Professor Richard Moorhead is lead author of academic paper highlighted by Jotwell
30 January 2017
Professor Richard Moorhead, Professor of Law and Professional Ethics and Vice Dean (Research) at UCL Laws and the UCL Centre for Ethics and Laws, has had a paper that he was lead author on highlighted by Jotwell, where legal scholars identify and celebrate the latest work of their colleagues.
‘The Ethical Identity of Law Students’, originally published in the International Journal of the Legal Profession in October 2016, was discussed on Jotwell by Dr Francesca Bartlett, of The University of Queensland. Dr Bartlett covered the themes of the paper which looked at the ethical and professional identity of law students and said:
‘The results could inspire us to think more about the impact and potential of the student body we are educating, and what they bring to the ethical conversation’.
About the paper:
Richard Moorhead, Catrina Denvir, Rachel Cahill-O’Callaghan, Maryam Kouchaki & Stephen Galoob (2016): The ethical identity of law students, International Journal of the Legal Profession, DOI: 10.1080/09695958.2016.1231462
This paper uses measures of values, moral outlook and professional identity to explore the ethical and professional identity of law students. We do so in two jurisdictions, surveying 441 students studying in England and Wales and 569 students studying in the US.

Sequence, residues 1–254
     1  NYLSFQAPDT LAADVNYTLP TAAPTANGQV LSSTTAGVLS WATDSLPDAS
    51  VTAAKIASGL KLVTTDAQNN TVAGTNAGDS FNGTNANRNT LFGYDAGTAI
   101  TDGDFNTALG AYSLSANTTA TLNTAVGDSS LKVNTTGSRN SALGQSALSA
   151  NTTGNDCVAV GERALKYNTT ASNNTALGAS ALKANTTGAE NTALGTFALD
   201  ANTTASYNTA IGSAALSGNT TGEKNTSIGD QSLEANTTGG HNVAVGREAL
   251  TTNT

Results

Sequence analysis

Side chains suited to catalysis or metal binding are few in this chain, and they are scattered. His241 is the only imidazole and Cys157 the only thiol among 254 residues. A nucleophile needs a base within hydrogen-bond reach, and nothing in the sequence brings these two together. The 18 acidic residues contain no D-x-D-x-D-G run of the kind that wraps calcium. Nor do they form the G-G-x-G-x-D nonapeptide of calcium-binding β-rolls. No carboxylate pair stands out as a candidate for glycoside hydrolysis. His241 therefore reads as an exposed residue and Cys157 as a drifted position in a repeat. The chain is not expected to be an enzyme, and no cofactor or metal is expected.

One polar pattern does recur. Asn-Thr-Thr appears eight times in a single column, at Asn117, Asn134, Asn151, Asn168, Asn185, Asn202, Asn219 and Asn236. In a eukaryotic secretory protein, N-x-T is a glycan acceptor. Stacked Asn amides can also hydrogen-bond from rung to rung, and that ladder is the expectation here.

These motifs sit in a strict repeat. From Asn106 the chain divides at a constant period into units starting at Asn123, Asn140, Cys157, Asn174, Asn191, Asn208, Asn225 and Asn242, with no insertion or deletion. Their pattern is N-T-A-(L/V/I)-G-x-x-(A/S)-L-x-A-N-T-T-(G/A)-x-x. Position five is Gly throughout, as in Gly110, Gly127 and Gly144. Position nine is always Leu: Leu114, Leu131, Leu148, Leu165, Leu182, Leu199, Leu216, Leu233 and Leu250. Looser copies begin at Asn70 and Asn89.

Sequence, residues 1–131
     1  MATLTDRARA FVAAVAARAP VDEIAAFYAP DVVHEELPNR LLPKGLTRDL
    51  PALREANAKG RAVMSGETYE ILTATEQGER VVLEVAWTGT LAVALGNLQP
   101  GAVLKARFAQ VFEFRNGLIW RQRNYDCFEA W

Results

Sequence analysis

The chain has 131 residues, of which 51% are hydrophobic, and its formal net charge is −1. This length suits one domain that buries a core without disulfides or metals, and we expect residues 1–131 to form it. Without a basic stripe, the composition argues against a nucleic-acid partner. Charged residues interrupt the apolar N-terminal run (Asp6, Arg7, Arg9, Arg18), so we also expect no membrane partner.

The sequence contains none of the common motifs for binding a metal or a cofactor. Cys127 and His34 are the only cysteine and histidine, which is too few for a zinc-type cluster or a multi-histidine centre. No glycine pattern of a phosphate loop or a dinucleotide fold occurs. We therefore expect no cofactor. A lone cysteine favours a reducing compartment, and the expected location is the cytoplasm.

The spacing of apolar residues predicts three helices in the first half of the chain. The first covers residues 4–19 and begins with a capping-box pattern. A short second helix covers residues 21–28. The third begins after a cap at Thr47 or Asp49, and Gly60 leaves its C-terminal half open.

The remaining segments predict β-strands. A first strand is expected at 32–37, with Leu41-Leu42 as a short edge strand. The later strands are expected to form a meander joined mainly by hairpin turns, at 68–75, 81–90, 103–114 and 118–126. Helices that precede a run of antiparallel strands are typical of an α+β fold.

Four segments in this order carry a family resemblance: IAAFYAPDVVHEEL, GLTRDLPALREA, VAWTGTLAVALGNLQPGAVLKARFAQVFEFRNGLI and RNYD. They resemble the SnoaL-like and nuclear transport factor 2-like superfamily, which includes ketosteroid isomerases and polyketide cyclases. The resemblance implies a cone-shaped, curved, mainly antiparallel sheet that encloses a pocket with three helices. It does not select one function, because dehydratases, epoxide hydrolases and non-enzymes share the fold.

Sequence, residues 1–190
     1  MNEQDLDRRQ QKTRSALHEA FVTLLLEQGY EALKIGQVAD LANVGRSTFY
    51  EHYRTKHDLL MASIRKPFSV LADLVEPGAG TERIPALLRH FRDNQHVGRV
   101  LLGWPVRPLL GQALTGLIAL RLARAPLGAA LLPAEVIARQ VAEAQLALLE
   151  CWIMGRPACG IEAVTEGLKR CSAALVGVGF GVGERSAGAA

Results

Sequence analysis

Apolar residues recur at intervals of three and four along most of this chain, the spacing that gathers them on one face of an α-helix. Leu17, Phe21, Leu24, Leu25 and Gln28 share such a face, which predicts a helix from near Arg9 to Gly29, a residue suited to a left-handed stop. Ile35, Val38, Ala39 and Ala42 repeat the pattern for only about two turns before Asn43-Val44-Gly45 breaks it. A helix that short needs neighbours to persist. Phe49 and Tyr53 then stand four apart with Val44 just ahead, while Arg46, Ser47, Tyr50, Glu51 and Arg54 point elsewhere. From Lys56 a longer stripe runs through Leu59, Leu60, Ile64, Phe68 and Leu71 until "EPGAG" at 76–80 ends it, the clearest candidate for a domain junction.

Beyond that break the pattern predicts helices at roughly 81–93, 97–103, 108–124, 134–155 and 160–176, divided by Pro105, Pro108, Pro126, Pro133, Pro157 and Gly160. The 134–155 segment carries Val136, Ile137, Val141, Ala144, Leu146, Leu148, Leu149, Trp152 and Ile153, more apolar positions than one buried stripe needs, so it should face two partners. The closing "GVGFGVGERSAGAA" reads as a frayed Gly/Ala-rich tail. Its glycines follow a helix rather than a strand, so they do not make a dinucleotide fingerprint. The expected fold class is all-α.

The survey covers the first and final years of an undergraduate law degree and the postgraduate vocational stage in England and Wales, as well as students in all years of the JD programme in the US. We explore whether law students towards the end of their legal education have ethical identities predictive of less ethical conduct than those at the beginning of their legal education; whether law students intending careers in business law have values and profiles consistent with less ethical conduct than those intending to work for government or individuals; and what factors might explain these differences in ethical outlook. Our findings suggest that ethical identity is strongly associated with gender and career intentions. They also suggest weaker moral identities for students intending to practise business law.
Ultimately, our findings support a conclusion that is more nuanced than the predominant theses about the impact of legal education on student ethicality which tend to suggest legal education diminishes ethicality